I can hardly wait to get back there and do some plein air painting again. The cottonwoods must be yellow by now.
Today we had a great time at the Watercolor West meeting where we were treated to a slide presentation by the juror in which he explained what he chose for the show. We all dropped off our paintings yesterday and I had a chance to look at the work of the other painters. There’s some excellent work there!
November Dawn (Scott Gallery -Huntington Gardens) 12 x 16 oil on canvas
This studio painting depicting dawn in the Shakespeare Garden is based on plein sketches and photos I’ve taken at the Huntington. In fact, I’ve never been there at dawn, but I’ve taken some liberties with a noon photo (below) to imagine how it must look at the peak of fall bloom.
Changing the time of day and angle of the sun was a real exercise in thinking about color, shadows and so on because I had no reference to rely on. I remembered that white marble often glows pink in the morning, but there are touches of warm, too. To break up the wide expanse of the wall I invented shadows, but then I had to think about what color they would be. The same is true of the shadows of the side of the building – where would they cast shadows? The sky is different at dawn. Darker at the top than at the horizon (as usual) but it is warmer in the direction of the sun. So those colors needed to be softly blended to suggest the right atmosphere for that time of day.
I find this kind of exercise a lot of fun because it helps me to break out of painting that is just copying. This can be useful for plein air painting, too. For example, if you are a distance from your subject and you know there’s a shadow there but you can’t see it, you can use imagination and logic to decide what color to paint it.
Lions at the Gate – 8 x 10 oil on canvas on board
The truth in advertising part of this program compels me to confess that this was all painted from life at a paintout except for the sky – because I inadvertantly left the house without my tubes of paint – and there was insufficient cerulean and cobalt on my palette to do the deed without running out. So I used what skimpy blue I had to fill the area with the right color thinned with mineral spirits, but the thicker paint had to be applied after I got back home. There. I feel so much better.
Frankly, I might repaint that tree that has already shed its leaves, but I sort of liked the fact that it represented fall at the gardens. So I’ll have to think on that for awhile. The story of this painting is mainly about light – how it falls on the facade of the teahouse and the lion(s) that guard its entrance. The other lion is obscured by the front one so I left it out.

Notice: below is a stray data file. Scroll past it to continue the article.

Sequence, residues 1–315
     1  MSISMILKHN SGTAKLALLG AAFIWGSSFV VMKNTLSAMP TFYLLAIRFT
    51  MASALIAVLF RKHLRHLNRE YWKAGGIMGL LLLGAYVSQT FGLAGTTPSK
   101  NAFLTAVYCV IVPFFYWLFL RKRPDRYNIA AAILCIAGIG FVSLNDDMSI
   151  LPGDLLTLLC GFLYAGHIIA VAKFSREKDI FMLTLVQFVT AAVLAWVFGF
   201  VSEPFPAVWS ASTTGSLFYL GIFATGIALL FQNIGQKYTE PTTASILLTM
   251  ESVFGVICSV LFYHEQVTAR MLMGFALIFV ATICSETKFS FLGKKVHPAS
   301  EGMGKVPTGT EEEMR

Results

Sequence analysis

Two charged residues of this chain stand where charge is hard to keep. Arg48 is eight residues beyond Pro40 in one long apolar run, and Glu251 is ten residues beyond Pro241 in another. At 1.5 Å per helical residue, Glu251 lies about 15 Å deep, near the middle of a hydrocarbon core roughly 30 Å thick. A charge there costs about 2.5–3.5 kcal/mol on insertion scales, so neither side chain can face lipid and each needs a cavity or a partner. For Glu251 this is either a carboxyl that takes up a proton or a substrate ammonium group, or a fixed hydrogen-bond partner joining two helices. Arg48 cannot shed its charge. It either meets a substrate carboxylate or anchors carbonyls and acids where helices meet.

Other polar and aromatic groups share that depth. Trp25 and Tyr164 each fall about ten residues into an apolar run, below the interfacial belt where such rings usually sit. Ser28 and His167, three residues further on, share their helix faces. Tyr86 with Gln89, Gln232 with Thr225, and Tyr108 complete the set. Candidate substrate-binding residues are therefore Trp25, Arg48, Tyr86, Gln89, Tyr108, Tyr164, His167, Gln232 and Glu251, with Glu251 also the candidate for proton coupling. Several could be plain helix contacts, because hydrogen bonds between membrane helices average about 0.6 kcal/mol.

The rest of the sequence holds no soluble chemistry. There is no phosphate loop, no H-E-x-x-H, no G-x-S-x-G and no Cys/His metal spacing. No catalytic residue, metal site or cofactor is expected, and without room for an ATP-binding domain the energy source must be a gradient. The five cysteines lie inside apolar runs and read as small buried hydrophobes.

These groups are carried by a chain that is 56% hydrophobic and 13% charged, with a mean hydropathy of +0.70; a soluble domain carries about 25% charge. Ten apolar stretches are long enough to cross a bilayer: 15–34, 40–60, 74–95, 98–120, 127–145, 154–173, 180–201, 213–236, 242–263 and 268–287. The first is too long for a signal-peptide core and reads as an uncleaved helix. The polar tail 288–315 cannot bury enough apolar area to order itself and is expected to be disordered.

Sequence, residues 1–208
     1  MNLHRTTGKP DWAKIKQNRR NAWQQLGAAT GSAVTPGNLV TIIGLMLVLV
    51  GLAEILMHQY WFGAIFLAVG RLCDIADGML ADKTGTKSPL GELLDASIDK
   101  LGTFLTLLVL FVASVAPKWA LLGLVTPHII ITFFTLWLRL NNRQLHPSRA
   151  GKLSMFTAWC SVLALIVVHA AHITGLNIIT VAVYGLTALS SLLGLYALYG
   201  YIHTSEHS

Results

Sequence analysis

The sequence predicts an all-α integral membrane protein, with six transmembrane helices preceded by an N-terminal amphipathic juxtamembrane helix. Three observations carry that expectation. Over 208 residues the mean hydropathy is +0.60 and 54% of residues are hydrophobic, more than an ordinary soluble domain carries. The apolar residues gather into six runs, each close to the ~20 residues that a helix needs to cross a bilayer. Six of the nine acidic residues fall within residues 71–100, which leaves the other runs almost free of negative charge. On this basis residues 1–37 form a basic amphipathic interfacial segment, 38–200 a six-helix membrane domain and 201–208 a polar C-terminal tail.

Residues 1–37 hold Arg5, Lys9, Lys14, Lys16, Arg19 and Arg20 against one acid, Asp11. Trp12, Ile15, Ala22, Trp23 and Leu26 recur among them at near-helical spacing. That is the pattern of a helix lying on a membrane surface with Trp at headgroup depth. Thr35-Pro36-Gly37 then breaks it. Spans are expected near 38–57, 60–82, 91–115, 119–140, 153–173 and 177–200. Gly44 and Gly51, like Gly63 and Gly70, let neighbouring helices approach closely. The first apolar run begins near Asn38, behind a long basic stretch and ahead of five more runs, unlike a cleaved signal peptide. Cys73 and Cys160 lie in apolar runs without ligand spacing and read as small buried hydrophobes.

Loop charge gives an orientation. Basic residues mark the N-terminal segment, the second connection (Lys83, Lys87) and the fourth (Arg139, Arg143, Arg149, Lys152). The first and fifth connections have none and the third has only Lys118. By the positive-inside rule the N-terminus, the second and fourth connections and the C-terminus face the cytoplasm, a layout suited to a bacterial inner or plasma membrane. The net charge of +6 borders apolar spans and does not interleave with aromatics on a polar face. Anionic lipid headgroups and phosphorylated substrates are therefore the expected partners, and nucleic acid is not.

OK, and here’s some art news.
On Sunday I took the below painting to the San Gabriel Fine Arts Association meeting – which I’ve missed attending due to being at Descanso and other commitments, and I was thrilled to get first prize among the paintings displayed for competition, and to be chosen as artist of the month. The painting will go into the SGFAA gallery on Wednesday for a month and will compete in December for artist of the year.
And this painting got an award at the Verdugo Hills Art Association fall show. All in all, a good month!
Colorado Street Bridge 5″ x 7″ oil on canvas panel
The Colorado Street bridge, which spans the Arroyo Seco was the inspiration for this small impressionist painting. I’ve done plein air paintings in the arroyo many times and it is always a joy to be there. The beautiful sculptural arches frame a wide variety of California flora and fauna. (Remember the duck family?) Cottonwoods are turning color now and the eucalyptuses are as green and graceful as always.
Many years ago we needed a film shot representing falling in a nightmare and we lowered a small camera off the bridge. The effect was dizzying! If the bridge police are reading this, I can assure you it was at least 20 years ago and no eucalyptus trees were harmed in the process. And you can bet that the camera was safely tethered off, too. So that bridge will always have a special meaning for me.
Redlands Roses – 9 x 12 oil on canvas panel – Available
Here’s another painting from the Redlands paintout in Riverside, part of the centennial celebration, a view of the Admin building featuring the sculpture “American Deposition” and the Chancellor’s Rose Garden. This was painted on October 20, between 1 and 2 o clock when the sun was quite high in the sky.